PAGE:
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The Dayton Murderer Is Proof We Need To Take Left-Wing Violence Seriously

Amidst the disturbing trend of political conflict in the United States escalating into violence, it has been a staple of conventional wisdom that the real danger comes almost entirely from the far right. Thus, after journalist Andy Ngo was beaten up by activists from the militant left-wing “Antifascist” movement at a protest in late June, commentators such as Vox’s Zack Beauchamp cautioned against attempts to portray Antifa’s record of violent behavior as even remotely comparable to that of far-right extremists. Beauchamp quoted an Anti-Defamation League primer on Antifa which said, “To date, there have not been any known Antifa-related murders.”

But is that still true today? We don’t know if Connor Betts, the 24-year-old Ohio man who killed nine people (including his own sister) and wounded 27 more when he opened fire on a crowded street in Dayton on Sunday, had any involvement with Antifa. But Betts’s Twitter trail makes it clear that he was a hardcore leftist who embraced some fairly extreme ideas—and, in some cases, advocated violence toward political enemies in Antifa-style language.

The profile for the now-suspended Twitter account @iamthespookster, confirmed as belonging to Betts, identifies him as a “leftist” (and specifies his personal pronouns, a common left-wing calling card). The posts on the account show that Betts—a registered Democrat—was an Elizabeth Warren supporter and a fan of the progressive “Squad,” but also had far more radical political interests.

“I want socialism, and I’ll not wait for the idiots to finally come around to understanding,” said one of his tweets. His retweets included a graphic in which Smokey the Bear, sporting a red face mask with a hammer and sickle, holds up a sign that seems to encourage terrorism against the “capitalists” said to be responsible for killing the planet.

“Kill every fascist,” Betts tweeted a year ago, commenting on the anniversary of the Charlottesville far-right rally. He also retweeted “Punch a Nazi”-type tweets that celebrated street violence against white supremacists. And this past May, Betts shared a tweet by a prominent Antifa account, “Antifash Gordon,” identifying people “confirmed or likely to be at the KKK rally in Dayton,” with the comment, “Know your enemies.”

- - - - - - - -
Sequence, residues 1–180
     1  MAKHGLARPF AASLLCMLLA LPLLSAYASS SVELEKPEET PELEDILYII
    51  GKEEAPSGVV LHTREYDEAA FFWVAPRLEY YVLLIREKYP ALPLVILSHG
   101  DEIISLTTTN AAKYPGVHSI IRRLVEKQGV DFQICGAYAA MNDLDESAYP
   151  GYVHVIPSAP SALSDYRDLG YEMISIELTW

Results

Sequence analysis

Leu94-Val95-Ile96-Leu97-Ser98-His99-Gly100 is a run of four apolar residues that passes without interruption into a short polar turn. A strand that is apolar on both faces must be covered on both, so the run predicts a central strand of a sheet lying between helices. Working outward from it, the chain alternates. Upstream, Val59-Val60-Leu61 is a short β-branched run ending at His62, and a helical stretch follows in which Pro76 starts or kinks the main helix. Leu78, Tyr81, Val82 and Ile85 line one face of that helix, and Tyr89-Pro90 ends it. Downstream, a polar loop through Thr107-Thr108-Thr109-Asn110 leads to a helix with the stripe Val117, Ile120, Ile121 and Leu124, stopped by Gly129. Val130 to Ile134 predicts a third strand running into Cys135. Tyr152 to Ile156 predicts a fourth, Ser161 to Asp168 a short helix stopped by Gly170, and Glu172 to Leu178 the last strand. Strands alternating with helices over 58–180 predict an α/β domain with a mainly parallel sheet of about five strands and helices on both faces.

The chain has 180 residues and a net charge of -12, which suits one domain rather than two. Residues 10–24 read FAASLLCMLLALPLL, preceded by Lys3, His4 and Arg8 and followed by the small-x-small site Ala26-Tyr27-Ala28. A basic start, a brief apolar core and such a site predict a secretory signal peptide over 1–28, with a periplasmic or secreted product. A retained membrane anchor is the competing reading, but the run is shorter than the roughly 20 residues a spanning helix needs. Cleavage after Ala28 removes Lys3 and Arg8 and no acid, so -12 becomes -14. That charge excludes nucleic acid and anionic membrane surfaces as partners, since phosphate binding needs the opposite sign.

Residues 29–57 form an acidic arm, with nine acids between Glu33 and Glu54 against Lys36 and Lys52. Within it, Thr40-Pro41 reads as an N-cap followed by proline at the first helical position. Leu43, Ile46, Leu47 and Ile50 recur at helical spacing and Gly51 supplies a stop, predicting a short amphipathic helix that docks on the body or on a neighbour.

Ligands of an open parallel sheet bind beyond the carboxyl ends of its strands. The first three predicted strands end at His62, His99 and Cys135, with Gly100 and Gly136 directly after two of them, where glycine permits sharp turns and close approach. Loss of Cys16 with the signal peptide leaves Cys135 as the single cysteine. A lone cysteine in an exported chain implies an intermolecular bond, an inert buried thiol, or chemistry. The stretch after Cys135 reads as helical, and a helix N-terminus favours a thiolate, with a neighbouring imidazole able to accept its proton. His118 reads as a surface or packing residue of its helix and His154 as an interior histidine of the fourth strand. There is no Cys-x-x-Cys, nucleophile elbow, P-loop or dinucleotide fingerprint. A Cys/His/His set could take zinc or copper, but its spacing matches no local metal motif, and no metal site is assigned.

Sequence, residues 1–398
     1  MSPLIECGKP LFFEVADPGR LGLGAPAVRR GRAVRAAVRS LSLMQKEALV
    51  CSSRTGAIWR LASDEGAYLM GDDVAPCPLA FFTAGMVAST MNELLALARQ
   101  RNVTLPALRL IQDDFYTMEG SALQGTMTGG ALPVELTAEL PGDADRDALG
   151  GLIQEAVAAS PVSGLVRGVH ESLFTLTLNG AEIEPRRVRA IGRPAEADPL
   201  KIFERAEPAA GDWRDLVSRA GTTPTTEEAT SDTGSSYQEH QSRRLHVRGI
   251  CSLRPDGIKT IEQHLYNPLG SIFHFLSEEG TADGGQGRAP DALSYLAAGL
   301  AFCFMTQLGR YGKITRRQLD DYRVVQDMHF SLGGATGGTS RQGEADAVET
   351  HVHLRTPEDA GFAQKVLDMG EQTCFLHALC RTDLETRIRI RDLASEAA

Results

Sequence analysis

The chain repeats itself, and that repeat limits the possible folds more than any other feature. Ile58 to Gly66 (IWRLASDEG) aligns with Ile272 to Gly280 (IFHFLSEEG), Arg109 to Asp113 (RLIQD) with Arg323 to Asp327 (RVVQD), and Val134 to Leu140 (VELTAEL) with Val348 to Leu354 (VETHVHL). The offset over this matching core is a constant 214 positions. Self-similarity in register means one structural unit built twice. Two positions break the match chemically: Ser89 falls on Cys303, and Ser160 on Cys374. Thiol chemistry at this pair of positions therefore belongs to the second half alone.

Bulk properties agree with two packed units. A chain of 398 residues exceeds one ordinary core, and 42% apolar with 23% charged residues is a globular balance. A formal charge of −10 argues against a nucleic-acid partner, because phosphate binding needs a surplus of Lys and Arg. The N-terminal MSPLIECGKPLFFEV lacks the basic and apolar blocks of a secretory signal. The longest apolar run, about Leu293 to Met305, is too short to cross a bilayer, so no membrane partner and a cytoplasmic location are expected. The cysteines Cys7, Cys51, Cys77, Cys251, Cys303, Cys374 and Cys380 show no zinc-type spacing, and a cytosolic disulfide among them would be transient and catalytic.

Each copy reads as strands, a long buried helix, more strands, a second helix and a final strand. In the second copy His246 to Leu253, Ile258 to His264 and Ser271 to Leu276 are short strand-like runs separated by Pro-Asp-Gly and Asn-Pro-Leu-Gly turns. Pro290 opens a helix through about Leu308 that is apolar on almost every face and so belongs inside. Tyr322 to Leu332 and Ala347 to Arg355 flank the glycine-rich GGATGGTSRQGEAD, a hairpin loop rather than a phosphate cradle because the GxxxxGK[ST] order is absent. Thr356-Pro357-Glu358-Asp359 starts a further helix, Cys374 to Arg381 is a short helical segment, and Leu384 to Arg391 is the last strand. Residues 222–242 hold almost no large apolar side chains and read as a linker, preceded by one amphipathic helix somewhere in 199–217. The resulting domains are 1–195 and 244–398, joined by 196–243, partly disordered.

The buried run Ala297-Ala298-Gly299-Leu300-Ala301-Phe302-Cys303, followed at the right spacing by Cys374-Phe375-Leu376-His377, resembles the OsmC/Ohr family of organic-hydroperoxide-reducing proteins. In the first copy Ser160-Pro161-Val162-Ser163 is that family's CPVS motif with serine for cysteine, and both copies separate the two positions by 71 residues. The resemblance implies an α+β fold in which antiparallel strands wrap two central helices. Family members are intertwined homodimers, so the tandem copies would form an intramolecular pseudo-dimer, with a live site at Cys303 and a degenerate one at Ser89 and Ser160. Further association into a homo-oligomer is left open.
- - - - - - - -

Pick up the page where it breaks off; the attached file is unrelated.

While conservative websites and social media users have eagerly spread the news that the Dayton shooter was a leftist Antifa supporter, mainstream coverage has been far more reticent. In a particularly glaring omission, a BuzzFeed piece discussed right-wing hoaxes trying to link the El Paso shooting to Antifa but made only a passing reference to Betts’s politics, mentioning his status as a registered Democrat but not his far-left views. (The site gave far more attention to the revelation that Betts sang in a “death metal” band whose material often used extreme sexual violence toward women as dark satire.)

Given the fact that Betts was apparently preoccupied with twisted thoughts of violence for years—as a teenager, he was suspended from school after the discovery that he kept “rape” and “kill” lists of classmates—it’s very likely that his horrific act of evil was influenced by complicated factors that had nothing to do with politics. Yet whether left-wing extremism could have been part of his motive seems a very relevant question.

In 2019—after Charlottesville, after the Tree of Life synagogue shooting in Pittsburgh last fall, and now the El Paso massacre—one would have to be either deluded or dishonest to deny the danger of violent far-right extremism in America. One may quibble about the exact body count (for instance, the ADL’s tally of at least 50 murders by right-wing extremists in 2018 includes non-political killings motivated by family/personal conflicts, financial gain, or mental illness in which the perpetrator had some connection to far-right extremism). But it’s clear that the threat is real and serious. It should be equally obvious that some far-right obsessions, notably the “replacement” of white people in the West by black and brown “invaders,” have spread into mainstream conservative discourse to an alarming degree, particularly with the Trumpification of the Republican Party. Trump’s own rhetoric has repeatedly appealed to those fears, as well.